Dr. Oz, Cardiothoracic Surgeon, The Dr. Oz Show
Dr. Oz was recently exploring “bizarre foods that fight cancer” with his guest Andrew Zimmern from the Travel Channel. One of the foods they discussed was “cactus pear,” a fruit from Opuntia species of cactus. You’ll hear it referred to by a variety of different names including:
- Cactus fruit
- Barberry-fig cactus
- Nopales or Nopal
- Prickly Pear
- Opuntia Ficas Indica
A Traditional Food
Prickly pear cactus is native to the Western hemisphere, found particularly in Mexico and southwestern states including Arizona and Texas. It is traditionally consumed as a food and is purported to have a variety of health benefits. It has primarily been studied for lowering blood sugar in people with diabetes – some short-term clinical research shows that the broiled stems of Opuntia streptacantha can significantly reduce blood glucose levels (Frati-Munari, Diabetes Care 1998; Bacardi-Gascon M, Diabetes Care 2007). There has also been interest in using it for prostate symptoms, high cholesterol, obesity, diarrhea, and hangover.
Is it a CANCER FIGHTER?
On the Dr. Oz Show segment, Dr. Oz mentions that “…it can actually help slow the growth of a lot of cancer cells… ovarian, cervical, and bladder cancer cells.”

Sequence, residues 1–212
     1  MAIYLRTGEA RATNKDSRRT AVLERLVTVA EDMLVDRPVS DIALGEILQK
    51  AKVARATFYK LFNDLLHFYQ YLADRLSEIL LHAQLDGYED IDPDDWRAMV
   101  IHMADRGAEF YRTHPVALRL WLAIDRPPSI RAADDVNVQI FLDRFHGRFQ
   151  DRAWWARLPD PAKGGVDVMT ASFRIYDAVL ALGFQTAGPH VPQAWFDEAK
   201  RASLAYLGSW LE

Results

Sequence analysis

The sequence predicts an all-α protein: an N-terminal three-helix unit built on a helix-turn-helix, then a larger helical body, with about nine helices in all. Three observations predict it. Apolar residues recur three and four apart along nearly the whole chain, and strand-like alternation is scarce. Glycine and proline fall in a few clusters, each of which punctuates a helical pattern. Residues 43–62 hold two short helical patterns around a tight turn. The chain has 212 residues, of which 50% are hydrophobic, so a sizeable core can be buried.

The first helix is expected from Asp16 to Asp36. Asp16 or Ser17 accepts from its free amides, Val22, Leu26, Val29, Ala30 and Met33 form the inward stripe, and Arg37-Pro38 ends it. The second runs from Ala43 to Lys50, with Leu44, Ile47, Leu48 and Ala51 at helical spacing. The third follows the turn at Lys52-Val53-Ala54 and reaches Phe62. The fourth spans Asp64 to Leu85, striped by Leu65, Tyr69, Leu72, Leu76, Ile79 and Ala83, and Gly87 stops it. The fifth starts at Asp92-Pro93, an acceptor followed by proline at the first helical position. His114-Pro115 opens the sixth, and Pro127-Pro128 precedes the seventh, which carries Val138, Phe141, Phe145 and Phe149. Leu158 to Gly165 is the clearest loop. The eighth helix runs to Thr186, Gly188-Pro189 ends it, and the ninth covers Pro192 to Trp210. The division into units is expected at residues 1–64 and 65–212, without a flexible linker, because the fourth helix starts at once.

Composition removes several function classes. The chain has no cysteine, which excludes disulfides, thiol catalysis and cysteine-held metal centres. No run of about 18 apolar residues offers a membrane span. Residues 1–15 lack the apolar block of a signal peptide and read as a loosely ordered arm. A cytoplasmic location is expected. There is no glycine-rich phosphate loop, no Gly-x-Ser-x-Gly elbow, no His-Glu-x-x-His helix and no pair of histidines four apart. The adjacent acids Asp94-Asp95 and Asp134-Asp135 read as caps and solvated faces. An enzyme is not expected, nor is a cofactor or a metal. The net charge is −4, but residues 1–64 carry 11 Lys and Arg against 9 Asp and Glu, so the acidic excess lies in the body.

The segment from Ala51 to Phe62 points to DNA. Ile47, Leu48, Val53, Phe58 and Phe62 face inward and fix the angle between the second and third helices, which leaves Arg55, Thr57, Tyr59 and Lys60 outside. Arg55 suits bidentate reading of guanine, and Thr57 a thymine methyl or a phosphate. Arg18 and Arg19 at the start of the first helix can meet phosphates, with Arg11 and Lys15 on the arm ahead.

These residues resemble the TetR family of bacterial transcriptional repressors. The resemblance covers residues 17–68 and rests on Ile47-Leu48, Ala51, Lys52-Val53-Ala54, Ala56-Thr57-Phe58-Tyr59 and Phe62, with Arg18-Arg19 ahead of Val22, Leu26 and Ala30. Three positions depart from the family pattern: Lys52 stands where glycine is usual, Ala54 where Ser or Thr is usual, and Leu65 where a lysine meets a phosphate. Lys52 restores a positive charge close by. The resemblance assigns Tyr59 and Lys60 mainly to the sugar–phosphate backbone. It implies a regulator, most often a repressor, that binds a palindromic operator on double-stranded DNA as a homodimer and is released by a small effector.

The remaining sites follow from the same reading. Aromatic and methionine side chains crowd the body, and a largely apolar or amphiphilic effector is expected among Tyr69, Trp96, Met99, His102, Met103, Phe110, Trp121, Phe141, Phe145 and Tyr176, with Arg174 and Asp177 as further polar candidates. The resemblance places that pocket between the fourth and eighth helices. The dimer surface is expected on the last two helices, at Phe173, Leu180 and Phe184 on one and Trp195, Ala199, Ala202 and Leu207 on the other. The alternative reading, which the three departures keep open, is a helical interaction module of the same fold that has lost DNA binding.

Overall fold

Katherine Zeratsky, R.D., L.D.
Prickly pear cactus, also called nopales, is promoted for treating diabetes, high cholesterol, obesity and hangovers. It is also touted for its antiviral and anti-inflammatory properties.
Some preliminary evidence shows that prickly pear cactus can decrease blood sugar levels in people with type 2 diabetes. Research also suggests that prickly pear cactus extract may lessen the unpleasant effects of a hangover. However, more research is needed to confirm these benefits.
Dr. Hichem Alimi
Juice from the fruit of the cactus Opuntia ficus indica is claimed to possess several health-beneficial properties. The present study was carried out to determine whether O. ficus indica f. inermis fruit extract might have a protective effect upon physiological and morphological damages inflicted to erythrocytes membrane by chronic ethanol poisoning, per os, in rat. Chemical analysis of the extract revealed the presence of polyphenols, flavonoids, ascorbic acid, carotenoids, and betalains. Ethanol administration (3 g/kg b.w, per day for 90 days) induced an increase of malondialdehyde (MDA) and carbonylated proteins levels and a decrease of glutathione (GSH) level in erythrocyte.
Ethanol administration also reduced the scavenging activity in plasma and enhanced erythrocytes hemolysis, as compared to control rats. In addition, ethanol intake increased the erythrocyte shape index by +895.5% and decreased the erythrocyte diameter by −61.53% as compared to controls. In animals also given prickly pear juice during the same experimental period, the studied parameters were much less shifted. This protective effect was found to be dose-dependent. It is likely that the beneficial effect of the extract is due to the high content of antioxidant compounds.